Constellations > Giraffe

Giraffe is a constellation located in the northern hemisphere. It got its name from the originally Greek word, but the Latin variation is “Camelopardalis”.

Although the constellation is called Giraffe, but if you break the original word, then the first part is a camel (long neck), and the second is a leopard (spots).

It was found and created by the astronomer from Holland Peter Planzius, and registered in 1624 by his German colleague Jacob Bartsch. It contains the Kembla Cascade (an asterism created by a cascade of faint stars), as well as several notable objects: the open cluster NGC 1502, the spiral galaxy NGC 2403 and the dwarf irregular galaxy NGC 1569.

Constellation giraffe

An object Designation Meaning of the name Object type Magnitude
one Beta Giraffe No Yellow supergiant 4.02
2 CS Giraffe No Binary star system 4.21
3 Alpha Giraffe No Blue supergiant 4.29
4 Gamma giraffe No White subgiant 4.59

Facts, position and map

In size, the Giraffe constellation occupies the 18th position in the sky with an area of ​​757 square degrees. Located in the second quadrant of the northern hemisphere (NQ2). Can be found at latitudes between + 90 ° and -10 °. Neighbors with the Big Dipper, Ursa Minor, Perseus, Lynx, Dragon, Cepheus, Cassiopeia and Charioteer.

Lat. title Camelopardalis
Reduction Cam
Symbol Giraffe
Right ascension from 3h 06m up to 14h thirtym
Declination from + 52 ° 30 ‘to + 86 ° 30’
Square 757 sq. degrees
(18th place)
The brightest stars
(value <3m)
    No; the brightest

  • β Cam – 4.03m
Meteor showers
  • No
Nearby constellations
  • Ursa Minor
  • The Dragon
  • Big Dipper
  • Lynx
  • Auriga
  • Perseus
  • Cassiopeia
  • Cepheus
The constellation is visible in latitudes from + 90 ° to -3 °.
The best time to watch is February.

The constellation is home to three stars with planets and no Messier objects. The brightest star is Beta Giraffe. There is also one meteor shower – the October Camelopardalids. Belongs to the Ursa Major family, which also includes the Ursa Major, Ursa Minor, Lynx, Little Lion, Dragon, Northern Crown, Veronica’s Hair, Hounds Dogs and Bootes. Consider the diagram of the constellation Giraffe on the star map.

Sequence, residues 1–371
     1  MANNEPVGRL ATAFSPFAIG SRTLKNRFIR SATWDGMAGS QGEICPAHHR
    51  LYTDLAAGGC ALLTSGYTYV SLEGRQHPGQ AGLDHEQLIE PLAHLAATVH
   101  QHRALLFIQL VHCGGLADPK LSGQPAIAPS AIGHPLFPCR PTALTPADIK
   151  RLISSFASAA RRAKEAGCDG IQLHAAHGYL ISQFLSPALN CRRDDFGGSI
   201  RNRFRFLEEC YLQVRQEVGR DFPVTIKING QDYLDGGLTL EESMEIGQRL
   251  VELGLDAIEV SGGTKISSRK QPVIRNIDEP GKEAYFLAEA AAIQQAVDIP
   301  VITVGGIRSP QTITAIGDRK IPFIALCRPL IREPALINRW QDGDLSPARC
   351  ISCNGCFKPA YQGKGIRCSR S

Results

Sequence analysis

Constellation giraffe


It is a faint constellation, in which there are no stars brighter than magnitude 4. It is not surprising that the Greeks did not notice stars in it at all and thought it was an empty area. There are no myths either, because it was created only in the 17th century. Although the giraffe does not refer to mythology, the reference can be found in the Bible (this point is still in doubt). When Jacob Bartsch entered the constellation on the 1624 star map, he described the camel on which Rebecca arrived in Canaan, where her future husband Isaac was waiting for her. But since the constellation represents a giraffe, the explanation does not seem appropriate.

Main stars

Explore the stars of the constellation Giraffe in the northern sky with detailed descriptions and characteristics.

Beta Giraffe is the brightest binary star in the constellation with a yellow G-type supergiant. It is 1,000 light years distant and has an apparent visual magnitude of 4.03.

CS Giraffe is the second brightest binary star. It is represented by a blue-white B-type supergiant and a magnitude of 8.7. Located 2.9 arc seconds away. Located in the reflected nebula vdB 14.

CS Giraffe A is an Alpha Cygnus variable star exhibiting non-radial pulsations (some parts of the surface are expanding and others are contracting). Magnitude: 4.19-4.23. It is approximately 3,000 light years distant.